One optimistic take on the end of affirmative action is that it will actually be good for Black and Hispanic students. The theory is that students with below-average academic preparation struggle in their classes, become demoralized, and drop out or switch to an easier major, ending up worse off than if they’d attended a less selective institution.
There is a lot of literature on this back and forth. And I think mismatch theorists have found some specific cases where the hypothesis holds. The clearest case, I think, is that affirmative action leads low-tier law schools to admit marginal Black and Latino students who have low bar exam pass rates, and in many cases, those students would have been better off not incurring law school debt.
But the mismatch hypothesis does not hold up in general.
Zachary Bleemer’s paper looking at the impact of Proposition 209 in California shows pretty clearly that, on average, the whole life trajectories of Black and Latino students took a turn for the worse as a result of attending less-selective colleges.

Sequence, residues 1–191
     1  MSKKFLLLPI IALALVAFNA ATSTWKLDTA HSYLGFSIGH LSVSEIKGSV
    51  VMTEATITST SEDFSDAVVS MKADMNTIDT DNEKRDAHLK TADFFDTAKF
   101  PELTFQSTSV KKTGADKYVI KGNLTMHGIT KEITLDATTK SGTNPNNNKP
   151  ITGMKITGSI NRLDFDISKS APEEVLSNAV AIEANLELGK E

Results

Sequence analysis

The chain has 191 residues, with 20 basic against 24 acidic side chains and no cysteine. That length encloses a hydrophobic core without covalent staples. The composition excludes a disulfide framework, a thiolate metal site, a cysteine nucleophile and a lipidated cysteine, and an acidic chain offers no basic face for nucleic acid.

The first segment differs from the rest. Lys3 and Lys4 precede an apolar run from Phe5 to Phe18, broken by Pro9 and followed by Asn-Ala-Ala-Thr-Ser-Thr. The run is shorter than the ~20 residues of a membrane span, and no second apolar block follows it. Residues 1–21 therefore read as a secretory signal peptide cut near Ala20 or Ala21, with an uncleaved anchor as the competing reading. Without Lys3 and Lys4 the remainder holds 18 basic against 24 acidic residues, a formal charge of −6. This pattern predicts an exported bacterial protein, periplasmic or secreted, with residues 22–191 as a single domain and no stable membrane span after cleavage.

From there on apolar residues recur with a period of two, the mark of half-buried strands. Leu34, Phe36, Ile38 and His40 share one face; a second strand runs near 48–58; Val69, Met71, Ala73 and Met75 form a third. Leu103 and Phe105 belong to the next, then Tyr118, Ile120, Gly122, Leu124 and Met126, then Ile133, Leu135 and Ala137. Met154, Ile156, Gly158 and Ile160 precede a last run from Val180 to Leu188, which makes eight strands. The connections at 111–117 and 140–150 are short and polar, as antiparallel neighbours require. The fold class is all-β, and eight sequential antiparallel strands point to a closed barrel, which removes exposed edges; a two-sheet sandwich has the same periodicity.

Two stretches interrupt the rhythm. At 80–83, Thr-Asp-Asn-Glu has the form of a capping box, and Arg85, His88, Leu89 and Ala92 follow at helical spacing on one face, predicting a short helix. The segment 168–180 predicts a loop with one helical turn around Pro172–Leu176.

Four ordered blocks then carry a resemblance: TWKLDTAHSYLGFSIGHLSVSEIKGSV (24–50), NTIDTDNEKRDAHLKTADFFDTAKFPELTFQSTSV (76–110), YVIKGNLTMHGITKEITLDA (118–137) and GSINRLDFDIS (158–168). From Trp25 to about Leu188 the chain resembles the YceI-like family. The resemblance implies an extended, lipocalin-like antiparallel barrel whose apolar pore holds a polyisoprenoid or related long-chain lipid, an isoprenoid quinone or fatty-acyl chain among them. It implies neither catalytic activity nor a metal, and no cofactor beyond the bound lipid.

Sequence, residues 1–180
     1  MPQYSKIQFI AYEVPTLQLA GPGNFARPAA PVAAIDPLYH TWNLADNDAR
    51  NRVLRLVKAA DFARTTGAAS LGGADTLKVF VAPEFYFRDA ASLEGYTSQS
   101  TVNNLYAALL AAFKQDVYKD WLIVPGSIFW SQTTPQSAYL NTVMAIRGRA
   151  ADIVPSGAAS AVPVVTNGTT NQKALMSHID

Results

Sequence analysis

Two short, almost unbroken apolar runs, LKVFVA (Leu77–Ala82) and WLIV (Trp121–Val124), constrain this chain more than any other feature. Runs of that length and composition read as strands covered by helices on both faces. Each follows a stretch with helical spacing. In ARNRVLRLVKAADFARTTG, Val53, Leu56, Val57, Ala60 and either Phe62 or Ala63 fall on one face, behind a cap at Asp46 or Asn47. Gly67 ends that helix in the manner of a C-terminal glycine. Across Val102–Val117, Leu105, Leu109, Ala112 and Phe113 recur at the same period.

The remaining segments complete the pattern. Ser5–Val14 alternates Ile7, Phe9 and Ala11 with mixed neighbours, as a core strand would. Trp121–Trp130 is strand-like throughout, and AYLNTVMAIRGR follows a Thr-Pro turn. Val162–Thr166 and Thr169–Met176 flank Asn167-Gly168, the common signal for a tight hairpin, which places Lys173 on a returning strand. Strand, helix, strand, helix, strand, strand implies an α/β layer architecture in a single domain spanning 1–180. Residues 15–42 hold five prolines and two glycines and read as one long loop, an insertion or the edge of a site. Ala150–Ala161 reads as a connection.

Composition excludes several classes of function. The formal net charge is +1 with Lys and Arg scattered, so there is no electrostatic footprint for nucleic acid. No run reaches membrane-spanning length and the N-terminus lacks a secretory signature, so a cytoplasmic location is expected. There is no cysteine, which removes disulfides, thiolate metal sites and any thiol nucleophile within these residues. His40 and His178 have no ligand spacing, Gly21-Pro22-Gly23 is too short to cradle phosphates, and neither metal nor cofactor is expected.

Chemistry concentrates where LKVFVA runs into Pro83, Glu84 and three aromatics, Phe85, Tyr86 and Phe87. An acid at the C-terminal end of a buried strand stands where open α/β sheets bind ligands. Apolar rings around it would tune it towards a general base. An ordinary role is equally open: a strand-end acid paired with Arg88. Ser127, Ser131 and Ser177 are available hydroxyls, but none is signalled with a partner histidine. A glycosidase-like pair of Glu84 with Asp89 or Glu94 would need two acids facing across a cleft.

One key dynamic at work is a cascade effect. The University of California system runs a network of campuses of varying selectivity, all of which invest significant resources in their students. Prop 209 pushes some Black and Hispanic students out of more prestigious UC schools like Berkeley and toward campuses like Santa Cruz, so the schools with the highest average SAT scores (Berkeley and UCLA) have the smallest Black/Latino population share, whereas the less-selective UC Riverside and UC Merced campuses have more.
But it then also pushes lots of students who might have attended the lower-tier UC schools out of the UC system altogether. And when you drop out of the system into other schools, you’re not only talking about a different cohort of peers; you’re talking about a different level of resources dedicated to students.
To flag a point that I’ll return to later, part of the harm that Bleemer is identifying is the perversity of the American system of higher education financing — we deliver the fewest resources to the students who need the most help.